Which literary techniques appear in some of the poems from Sir Philip Sidney's Astrophil and Stella sonnet sequence?

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vangoghfan | College Teacher | (Level 2) Educator Emeritus

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Sir Philip Sidney’s Astrophil and Stella is a collection or sequence of sonnets and other poems that tell the story of Astrophil’s foolish obsession with the beautiful Stella. 108 sonnets appear in the sequence (not to mention various “songs”). Over the course of the sequence, Sidney employs just about every common literary technique used in English (and even some that are not so common). Examples include the following:

  • In sonnet 1, Astrophil describes himself as

Loving in truth, and fain in verse my love to show

That she (dear She) might take some pleasure of my pain:

Pleasure might cause her read, reading might make her know,

Knowledge might pity win, and pity grace obtain . . . .

Note here the use of repetition for emphasis, as in “she (dear She)” and also in the repeated nouns (such as “pleasure). Note also the use of an emphatic list (“pleasure,” “reading,” “knowledge,” and “pity”). Assonance and alliteration appear together in such phrases as “she, (dear She),” while assonance appears by itself in such phrases as “grace obtain” and alliteration appears by itself in such phrases as “might make.” Heavily accented first syllables appear at the very beginnings of lines 1, 2, and 4.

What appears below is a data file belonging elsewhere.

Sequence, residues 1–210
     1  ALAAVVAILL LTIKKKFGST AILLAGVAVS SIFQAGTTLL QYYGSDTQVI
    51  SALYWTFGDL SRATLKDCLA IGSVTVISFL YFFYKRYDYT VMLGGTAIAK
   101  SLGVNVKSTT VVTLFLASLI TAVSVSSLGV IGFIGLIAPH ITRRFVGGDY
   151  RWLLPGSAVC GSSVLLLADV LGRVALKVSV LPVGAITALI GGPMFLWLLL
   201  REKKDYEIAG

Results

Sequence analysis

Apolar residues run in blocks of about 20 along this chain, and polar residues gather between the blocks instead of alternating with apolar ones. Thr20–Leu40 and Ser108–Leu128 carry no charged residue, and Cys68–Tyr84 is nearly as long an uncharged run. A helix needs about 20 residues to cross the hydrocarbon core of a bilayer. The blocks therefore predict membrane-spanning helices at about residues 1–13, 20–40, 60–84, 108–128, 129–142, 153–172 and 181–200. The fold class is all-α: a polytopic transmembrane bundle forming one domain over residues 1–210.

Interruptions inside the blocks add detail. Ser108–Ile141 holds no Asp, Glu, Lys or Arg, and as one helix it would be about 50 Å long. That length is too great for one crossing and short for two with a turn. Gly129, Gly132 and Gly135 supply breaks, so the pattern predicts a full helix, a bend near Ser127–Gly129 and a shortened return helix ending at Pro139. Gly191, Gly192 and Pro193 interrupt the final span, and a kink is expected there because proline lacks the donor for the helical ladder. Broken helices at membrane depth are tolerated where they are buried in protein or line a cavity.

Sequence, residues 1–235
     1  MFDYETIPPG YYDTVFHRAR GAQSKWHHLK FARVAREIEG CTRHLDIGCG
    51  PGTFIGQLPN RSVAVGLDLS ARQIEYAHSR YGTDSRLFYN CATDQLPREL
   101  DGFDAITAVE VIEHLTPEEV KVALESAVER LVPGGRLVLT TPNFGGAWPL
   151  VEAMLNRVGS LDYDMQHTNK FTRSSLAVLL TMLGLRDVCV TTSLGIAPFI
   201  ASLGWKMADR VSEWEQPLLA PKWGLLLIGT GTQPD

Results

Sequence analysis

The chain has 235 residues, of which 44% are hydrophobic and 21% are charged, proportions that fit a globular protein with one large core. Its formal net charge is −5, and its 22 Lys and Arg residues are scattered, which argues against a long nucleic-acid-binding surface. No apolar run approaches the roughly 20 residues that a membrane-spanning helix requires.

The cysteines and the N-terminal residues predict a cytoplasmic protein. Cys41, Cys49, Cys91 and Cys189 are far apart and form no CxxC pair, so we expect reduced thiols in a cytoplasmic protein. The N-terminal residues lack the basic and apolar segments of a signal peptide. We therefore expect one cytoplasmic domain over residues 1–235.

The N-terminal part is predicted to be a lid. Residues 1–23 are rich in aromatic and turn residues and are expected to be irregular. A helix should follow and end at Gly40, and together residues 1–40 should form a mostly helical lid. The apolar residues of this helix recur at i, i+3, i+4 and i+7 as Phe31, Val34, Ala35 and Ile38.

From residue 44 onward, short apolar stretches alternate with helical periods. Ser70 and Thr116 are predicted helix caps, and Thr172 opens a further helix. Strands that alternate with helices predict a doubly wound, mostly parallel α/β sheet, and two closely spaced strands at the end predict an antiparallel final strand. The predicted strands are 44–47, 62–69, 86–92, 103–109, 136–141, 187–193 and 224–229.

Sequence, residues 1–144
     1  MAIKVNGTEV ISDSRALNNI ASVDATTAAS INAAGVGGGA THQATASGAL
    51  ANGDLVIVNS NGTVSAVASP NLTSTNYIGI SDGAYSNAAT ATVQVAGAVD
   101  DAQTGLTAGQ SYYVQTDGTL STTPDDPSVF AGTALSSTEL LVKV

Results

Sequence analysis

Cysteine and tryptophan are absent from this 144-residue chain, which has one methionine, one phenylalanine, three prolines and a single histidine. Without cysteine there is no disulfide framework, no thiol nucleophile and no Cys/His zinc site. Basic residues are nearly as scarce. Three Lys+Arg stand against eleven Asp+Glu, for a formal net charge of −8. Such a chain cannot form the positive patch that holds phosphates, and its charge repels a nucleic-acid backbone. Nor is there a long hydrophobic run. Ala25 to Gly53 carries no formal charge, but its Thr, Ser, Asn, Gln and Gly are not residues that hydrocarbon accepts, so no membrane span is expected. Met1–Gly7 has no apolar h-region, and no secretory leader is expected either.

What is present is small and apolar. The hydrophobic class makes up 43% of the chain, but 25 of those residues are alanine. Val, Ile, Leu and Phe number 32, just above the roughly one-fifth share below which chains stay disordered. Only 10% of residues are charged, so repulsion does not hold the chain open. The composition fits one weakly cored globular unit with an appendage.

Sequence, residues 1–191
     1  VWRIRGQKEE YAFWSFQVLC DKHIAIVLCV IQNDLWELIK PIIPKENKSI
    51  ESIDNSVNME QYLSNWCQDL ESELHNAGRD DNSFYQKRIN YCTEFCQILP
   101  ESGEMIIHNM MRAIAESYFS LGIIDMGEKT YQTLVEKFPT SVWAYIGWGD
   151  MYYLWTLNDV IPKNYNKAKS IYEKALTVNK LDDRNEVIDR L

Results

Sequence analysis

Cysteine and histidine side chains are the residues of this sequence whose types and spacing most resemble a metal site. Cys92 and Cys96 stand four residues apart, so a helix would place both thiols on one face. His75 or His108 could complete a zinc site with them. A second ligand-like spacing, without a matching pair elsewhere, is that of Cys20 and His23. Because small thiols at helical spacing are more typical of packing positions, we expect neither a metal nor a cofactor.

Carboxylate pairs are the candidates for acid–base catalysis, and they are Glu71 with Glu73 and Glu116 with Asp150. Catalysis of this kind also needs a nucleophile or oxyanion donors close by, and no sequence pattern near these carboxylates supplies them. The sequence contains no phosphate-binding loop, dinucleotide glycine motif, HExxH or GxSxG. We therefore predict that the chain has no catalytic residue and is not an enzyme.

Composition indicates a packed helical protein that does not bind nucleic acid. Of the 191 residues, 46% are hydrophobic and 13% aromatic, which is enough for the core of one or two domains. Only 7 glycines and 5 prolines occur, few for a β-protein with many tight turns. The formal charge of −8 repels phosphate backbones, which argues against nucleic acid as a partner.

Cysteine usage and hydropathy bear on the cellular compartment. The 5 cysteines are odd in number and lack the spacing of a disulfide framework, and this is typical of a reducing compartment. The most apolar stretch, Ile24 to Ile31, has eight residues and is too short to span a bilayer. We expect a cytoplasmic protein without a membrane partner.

Examples of other techniques that appear in later poems include the following:

  • Political or historical allusion appears, for instance, in the reference to a “slave-born Muscovite” (2.10).
  • Classical allusion appears, for instance, in the reference to the muses as the “Sisters nine” (3.1). See also almost the whole of poem 13.
  • Geographical allusion appears, for instance, in the reference to “Inde or Afric” (3.7).
  • Personification appears, for instance, in the reference to “Nature” (3.14).
  • Metaphor appears, for instance, when Astrophil compares himself to a horse and tells a personified Virtue that “My mouth too tender is for they hard bit” (4.8).
  • Petrarchan paradoxes appear, for instance, in the reference to “living deaths, dear wounds, fair storms, and freezing fires” (6.3).
  • Pastoral language appears, for instance, in the reference to a “shepherd’s pipe” (6.7).
  • Similes appear in such phrases as “sun-like,” which is used to describe Stella’s beautiful eyes (7.8).
  • Imagery of colors appears in such phrases, for instance, as “Marble mix’d red and white do interlace” (9.8).
  • Anaphora, or beginning lines with the same word, appears, for instance, in 12.2-6.
  • Enjambment, or failing to use punctuation at the end of a line, appears, for instance, in 12.6-7.
  • Balanced syntax appears, for instance, in the statement, “When most I glory, then I feel most shame” (19.3).

This list could very easily be extended, but by now the point is clear: Sidney was a master of poetic and rhetorical devices, and he not only employed almost all of them but almost always employed them with great skill.